The proposal comes as school is already under way in some parts of the state and about to begin in others.

Seth Sawyers/flickr

Public school students in central Maryland are starting the school year with a virtual learning model.

Thursday, three school superintendents laid out what needs to happen before those students can return to the classroom in a virtual discussion that got off to a rocky start with some technical difficulties.

Baltimore County Public Schools

Baltimore County students will be doing distance learning through at least the first semester. Tuesday night the Baltimore County School Board got into the nitty gritty of what that’s going to look like. Everything from attendance, to class schedules, to conduct, to sports got an airing out.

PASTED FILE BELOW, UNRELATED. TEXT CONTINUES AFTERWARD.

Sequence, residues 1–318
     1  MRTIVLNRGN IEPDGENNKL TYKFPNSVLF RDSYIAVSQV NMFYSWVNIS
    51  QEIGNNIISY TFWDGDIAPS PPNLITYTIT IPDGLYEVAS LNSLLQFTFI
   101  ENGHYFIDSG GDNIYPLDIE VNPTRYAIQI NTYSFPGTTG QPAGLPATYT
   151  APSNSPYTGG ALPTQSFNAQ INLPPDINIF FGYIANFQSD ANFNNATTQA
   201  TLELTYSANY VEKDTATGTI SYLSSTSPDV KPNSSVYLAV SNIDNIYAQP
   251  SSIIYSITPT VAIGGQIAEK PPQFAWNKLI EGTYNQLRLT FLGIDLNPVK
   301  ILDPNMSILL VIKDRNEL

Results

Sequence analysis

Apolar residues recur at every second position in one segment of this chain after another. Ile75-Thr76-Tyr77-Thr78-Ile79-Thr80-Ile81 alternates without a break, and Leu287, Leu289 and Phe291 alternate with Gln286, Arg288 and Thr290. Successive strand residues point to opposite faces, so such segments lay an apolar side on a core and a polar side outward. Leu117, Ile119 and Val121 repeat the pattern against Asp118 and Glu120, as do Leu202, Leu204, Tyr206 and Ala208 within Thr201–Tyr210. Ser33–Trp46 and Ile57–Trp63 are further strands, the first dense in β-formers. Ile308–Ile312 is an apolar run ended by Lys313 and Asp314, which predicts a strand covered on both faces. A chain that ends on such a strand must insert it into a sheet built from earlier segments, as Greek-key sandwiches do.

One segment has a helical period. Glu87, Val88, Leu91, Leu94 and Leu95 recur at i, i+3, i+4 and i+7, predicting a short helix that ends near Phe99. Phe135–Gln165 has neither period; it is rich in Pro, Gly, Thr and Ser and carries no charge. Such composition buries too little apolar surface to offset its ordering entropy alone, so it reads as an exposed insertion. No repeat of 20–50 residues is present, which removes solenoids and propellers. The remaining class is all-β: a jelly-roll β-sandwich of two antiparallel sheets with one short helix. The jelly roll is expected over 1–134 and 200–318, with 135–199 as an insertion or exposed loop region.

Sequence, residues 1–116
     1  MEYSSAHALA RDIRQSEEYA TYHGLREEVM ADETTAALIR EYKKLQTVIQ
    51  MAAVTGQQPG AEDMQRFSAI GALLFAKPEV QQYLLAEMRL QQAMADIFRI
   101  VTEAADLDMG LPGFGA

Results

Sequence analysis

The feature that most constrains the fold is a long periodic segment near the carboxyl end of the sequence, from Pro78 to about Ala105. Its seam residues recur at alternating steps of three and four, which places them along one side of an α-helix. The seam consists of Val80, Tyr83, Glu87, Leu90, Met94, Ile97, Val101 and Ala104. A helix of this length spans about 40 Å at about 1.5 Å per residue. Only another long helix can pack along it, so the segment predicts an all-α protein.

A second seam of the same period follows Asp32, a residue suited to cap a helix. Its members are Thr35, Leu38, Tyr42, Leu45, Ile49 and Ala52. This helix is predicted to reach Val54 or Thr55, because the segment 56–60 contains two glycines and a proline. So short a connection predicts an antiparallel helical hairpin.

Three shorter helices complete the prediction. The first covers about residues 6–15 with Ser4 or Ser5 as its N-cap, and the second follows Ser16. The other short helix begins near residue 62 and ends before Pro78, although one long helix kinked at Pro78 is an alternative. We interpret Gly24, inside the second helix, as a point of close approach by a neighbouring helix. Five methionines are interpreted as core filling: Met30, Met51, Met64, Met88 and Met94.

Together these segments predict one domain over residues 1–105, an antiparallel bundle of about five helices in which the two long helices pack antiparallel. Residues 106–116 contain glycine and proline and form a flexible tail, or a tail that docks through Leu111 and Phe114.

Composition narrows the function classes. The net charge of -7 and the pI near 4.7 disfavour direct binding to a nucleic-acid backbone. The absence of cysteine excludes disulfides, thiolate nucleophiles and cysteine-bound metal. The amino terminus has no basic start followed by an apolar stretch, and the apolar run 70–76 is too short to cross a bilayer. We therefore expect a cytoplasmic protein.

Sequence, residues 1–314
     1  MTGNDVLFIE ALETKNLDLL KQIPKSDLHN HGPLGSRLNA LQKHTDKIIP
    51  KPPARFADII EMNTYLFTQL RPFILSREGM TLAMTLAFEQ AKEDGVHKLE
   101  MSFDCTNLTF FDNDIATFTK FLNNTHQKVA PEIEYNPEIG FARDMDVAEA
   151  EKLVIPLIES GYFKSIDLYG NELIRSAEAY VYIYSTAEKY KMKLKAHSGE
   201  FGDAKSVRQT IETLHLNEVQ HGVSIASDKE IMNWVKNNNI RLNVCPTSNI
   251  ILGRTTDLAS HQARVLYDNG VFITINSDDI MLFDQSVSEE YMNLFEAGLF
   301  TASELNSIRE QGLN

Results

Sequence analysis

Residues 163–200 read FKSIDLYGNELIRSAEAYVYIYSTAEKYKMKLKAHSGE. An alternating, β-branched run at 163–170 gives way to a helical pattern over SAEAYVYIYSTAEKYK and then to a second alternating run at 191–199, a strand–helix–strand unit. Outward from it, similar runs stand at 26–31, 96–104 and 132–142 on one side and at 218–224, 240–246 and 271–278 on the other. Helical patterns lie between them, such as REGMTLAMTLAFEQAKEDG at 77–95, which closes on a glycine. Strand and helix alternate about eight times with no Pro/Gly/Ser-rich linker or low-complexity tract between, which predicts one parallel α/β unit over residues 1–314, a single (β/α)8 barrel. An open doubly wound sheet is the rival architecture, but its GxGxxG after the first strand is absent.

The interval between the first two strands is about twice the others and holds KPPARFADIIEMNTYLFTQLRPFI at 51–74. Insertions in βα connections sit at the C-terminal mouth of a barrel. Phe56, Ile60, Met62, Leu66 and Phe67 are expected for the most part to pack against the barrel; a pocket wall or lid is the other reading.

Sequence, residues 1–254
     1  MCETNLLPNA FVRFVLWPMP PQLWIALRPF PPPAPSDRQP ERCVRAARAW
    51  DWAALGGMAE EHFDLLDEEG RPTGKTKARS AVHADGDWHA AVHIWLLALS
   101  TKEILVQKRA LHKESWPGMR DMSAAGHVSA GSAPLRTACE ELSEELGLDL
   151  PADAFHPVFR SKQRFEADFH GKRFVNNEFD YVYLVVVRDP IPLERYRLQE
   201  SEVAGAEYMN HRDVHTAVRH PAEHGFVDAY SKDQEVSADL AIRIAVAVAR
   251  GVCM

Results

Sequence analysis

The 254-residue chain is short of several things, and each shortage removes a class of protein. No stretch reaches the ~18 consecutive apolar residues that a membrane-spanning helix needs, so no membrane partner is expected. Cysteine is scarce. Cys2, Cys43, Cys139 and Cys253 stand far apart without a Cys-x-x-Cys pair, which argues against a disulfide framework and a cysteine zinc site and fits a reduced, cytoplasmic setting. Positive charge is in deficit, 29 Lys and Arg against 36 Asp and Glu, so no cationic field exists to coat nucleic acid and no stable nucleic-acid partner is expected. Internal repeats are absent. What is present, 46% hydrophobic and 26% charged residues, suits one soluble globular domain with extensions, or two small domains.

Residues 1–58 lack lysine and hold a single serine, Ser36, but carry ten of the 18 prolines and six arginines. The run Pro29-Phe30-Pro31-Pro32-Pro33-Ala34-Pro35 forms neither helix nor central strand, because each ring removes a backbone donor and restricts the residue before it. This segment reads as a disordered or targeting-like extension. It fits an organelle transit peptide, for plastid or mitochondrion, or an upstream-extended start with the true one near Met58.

WYPR’s John Lee listened in on the meeting and joined Morning Edition host Nathan Sterner to talk about it.

Mary Rose Madden

Baltimore County Public School students will be receiving their instruction online for the first semester of the school year that begins in September.

That’s what the county school board decided Tuesday after some members sought flexibility in the draft reopening plan School Superintendent Darryl Williams presented to the board.

Seth Sawyers/flickr

The unions that represent teachers, administrators and other school employees in Baltimore County are calling for students to begin the school year at home, doing online learning. 

The unions said Monday at a news conference that school buildings are unsafe. 

John Lee

Baltimore County Schools Superintendent Darryl Williams will look into whether hate symbols like the Confederate flag should be banned in the county schools.